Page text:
Pay attention to process as action in the General Assembly approaches the midway point of the session, where legislation approved by one chamber moves across the rotunda for consideration by the other.
Process questions are emerging that might affect the course—and ultimate fate—of key bills.
Perhaps the most important alteration, one overarching all issues, is a leadership decision to end the session a week before the formal deadline. While lawmakers originally anticipated ending their work on April 29, the new target date for adjournment “sine die” is April 21, with April 22—a Saturday—as a possible final session day.
In the Legislature, work always expands to fill available days. Deadlines—real ones imposed by rule or artificial ones set by leadership decisions—are often required to get lawmakers off the proverbial dime and force final action. The odd-year budget session, with its long timeline, is easier to compress. Leaders decided to do so in 2017, which will accelerate compromises.
This means lawmakers must likely craft a comprehensive, sustainable, long-term road and infrastructure package without knowing what the Trump administration has in mind for its extensive national version of the same—and how much federal cash might be available to defray state spending from Medicaid block grants and private-school scholarship tax credits.
An earlier deadline also reduces the time budget-bill authors have to fine-tune efforts after the April revenue forecast. This takes on additional significance given that revenue has fallen short of the April budget-year update in seven of the last nine years and the last two bienniums.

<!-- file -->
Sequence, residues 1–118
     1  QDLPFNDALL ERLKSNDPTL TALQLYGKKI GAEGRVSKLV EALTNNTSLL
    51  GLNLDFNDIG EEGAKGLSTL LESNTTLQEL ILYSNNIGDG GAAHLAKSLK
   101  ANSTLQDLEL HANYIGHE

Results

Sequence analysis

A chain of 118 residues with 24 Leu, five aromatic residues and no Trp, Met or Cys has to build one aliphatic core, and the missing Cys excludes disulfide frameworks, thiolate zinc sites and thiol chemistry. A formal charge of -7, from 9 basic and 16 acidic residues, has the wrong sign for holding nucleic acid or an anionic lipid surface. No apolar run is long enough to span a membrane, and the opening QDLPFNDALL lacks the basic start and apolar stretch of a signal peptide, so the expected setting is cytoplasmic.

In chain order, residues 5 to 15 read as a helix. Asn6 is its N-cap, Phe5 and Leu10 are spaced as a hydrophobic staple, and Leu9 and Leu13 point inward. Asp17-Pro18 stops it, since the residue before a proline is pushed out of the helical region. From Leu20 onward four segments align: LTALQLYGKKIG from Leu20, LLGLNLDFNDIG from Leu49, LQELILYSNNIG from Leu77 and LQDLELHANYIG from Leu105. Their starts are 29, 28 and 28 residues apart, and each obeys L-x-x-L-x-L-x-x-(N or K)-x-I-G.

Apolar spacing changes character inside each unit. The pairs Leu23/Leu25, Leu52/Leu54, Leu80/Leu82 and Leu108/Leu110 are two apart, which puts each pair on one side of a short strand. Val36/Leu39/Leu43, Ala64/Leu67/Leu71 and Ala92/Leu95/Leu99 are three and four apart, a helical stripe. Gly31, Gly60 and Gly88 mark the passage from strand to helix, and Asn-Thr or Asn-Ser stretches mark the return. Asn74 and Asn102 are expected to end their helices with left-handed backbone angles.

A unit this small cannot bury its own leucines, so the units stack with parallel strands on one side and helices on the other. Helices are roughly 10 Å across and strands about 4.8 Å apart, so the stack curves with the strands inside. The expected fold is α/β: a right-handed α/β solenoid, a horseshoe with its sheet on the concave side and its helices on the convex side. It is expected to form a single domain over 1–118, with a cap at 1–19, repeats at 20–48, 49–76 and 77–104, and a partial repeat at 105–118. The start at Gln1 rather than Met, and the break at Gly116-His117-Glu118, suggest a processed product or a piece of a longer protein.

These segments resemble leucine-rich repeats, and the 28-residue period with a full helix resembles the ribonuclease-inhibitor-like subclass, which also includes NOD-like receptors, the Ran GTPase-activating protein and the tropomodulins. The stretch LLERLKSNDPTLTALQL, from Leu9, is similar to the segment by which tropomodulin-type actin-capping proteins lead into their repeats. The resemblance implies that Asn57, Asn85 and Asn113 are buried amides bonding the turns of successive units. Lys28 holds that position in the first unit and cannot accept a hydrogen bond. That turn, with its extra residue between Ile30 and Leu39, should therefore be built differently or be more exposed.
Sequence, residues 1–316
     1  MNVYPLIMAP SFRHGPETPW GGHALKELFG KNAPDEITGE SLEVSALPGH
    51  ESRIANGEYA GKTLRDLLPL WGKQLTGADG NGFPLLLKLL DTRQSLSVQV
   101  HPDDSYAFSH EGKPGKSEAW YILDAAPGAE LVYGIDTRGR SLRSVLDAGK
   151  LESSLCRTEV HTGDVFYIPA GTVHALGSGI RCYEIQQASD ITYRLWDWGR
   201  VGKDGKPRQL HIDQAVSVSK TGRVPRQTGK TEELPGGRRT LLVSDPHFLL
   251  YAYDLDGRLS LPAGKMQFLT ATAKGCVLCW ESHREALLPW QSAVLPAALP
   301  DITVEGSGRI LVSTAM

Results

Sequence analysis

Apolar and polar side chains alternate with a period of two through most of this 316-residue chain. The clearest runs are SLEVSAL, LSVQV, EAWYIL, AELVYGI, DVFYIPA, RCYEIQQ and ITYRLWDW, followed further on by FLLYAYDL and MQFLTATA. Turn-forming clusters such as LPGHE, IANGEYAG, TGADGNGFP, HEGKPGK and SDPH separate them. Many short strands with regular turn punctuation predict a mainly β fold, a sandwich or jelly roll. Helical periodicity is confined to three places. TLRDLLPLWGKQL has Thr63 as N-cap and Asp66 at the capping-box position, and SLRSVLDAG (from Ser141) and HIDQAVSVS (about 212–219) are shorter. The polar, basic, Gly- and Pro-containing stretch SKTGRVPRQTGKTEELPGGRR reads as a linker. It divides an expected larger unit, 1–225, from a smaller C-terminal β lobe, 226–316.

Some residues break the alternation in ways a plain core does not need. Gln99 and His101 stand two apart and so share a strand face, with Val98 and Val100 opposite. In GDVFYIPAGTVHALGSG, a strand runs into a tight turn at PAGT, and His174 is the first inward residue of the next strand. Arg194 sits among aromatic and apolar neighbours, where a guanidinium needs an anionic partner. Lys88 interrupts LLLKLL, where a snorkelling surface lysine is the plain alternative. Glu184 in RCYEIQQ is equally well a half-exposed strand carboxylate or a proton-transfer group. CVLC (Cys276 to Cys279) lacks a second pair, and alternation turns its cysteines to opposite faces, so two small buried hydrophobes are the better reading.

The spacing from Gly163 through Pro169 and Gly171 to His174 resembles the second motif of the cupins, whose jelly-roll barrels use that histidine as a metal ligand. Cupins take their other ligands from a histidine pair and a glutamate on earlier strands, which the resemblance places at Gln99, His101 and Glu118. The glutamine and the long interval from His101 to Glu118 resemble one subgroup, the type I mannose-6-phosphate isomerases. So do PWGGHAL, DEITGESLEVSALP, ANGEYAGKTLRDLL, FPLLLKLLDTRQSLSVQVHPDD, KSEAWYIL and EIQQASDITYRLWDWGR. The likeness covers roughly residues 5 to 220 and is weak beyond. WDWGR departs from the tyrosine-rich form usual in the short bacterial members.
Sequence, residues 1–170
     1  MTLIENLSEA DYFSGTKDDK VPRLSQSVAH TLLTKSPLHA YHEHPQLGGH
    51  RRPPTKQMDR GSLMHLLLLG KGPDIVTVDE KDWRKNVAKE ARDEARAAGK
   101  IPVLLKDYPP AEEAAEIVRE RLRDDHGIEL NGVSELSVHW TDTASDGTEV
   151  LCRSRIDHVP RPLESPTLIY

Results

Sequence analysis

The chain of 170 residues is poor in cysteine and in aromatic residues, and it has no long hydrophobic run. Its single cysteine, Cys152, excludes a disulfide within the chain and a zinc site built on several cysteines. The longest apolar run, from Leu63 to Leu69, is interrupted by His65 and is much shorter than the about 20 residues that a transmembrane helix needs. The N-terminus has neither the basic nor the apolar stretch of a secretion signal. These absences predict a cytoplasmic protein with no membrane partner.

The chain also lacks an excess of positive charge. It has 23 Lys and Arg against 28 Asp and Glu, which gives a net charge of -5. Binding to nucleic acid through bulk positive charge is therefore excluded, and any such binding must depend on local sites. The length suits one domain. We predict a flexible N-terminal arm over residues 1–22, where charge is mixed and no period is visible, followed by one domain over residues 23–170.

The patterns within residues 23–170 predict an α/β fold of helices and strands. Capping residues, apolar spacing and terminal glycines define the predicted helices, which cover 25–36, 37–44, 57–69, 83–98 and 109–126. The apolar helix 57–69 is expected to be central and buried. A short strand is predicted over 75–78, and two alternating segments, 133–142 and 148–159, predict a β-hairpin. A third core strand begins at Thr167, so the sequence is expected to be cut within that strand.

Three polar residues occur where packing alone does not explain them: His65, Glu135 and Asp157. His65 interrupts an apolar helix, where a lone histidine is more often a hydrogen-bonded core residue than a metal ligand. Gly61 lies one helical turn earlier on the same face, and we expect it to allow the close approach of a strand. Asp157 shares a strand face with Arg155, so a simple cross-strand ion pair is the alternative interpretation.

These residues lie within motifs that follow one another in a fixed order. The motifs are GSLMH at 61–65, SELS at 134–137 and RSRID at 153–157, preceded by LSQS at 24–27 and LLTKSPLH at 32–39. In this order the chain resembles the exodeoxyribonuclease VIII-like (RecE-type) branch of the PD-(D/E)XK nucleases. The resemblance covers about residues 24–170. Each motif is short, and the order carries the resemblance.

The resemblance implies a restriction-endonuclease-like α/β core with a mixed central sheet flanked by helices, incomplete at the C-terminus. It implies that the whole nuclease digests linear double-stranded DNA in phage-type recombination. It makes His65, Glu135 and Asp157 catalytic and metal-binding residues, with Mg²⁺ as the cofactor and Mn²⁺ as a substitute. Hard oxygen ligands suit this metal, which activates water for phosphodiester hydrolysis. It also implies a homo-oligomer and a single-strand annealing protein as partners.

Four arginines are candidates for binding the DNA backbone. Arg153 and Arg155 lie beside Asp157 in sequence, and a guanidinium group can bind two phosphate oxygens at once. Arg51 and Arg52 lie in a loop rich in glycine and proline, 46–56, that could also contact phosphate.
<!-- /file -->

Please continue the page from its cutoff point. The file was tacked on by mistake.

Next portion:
Beyond the timing issue, dissonant results from the House and Senate on legislation to make the superintendent of public instruction’s position appointed, rather than elected, might also prove problematic.
A few short hours after the Senate voted 26-23 against changing the office to an appointed post, the House voted 68-29 for substantially similar legislation. Will Senate rules allow consideration of the House measure?
Because this is part of the governor’s legislative agenda, House Speaker Brian Bosma, R-Indianapolis, is the author of the bill, and Senate President Pro Tem David Long, R-Fort Wayne, is the Senate sponsor, chances are this bill will be considered de novo as a House bill (and not as an attempt to resuscitate a Senate measure, as some suggest a Senate rule be interpreted), and remain alive for inclusion in another measure during conference-committee deliberations.
The budget is a possible home for the proposal, but the Senate fiscal sherpa is Appropriations Chairman Luke Kenley, R-Noblesville, and he voted against the Senate version of the superintendent bill. Then there’s the long-standing Senate antipathy toward making policy via the budget bill.
Process also played a role in three other high-profile February items.
A bill authorizing a Terre Haute casino failed on a tie Senate committee vote. Arguably it is eligible to reappear, but its author administered rhetorical last rites.
A controversial abortion-restriction measure briefly moved back from the House floor to committee for further consideration, a procedural move seldom invoked. This seemed to signal leadership wasn’t disposed toward a floor debate as divisive as the abortion-bill battle the final night of the 2016 session, but the lightly amended bill re-emerged from committee.
Rep. Curt Nisly, R-Goshen, also sought to offer an amendment eliminating firearms permits. Leadership denied the attempt (by the lawmaker whose bill to make all abortions illegal was pointedly denied a committee hearing), citing House rules barring amendments on a point for which a bill is pending. Nisly sought to appeal the ruling of the chair in a rare GOP intramural fight but failed to attract a second from within his caucus.
As lawmakers approach the halfway point, pay attention to process and its impact on substance.•
Feigenbaum publishes Indiana Legislative Insight. He can be reached at firstname.lastname@example.org.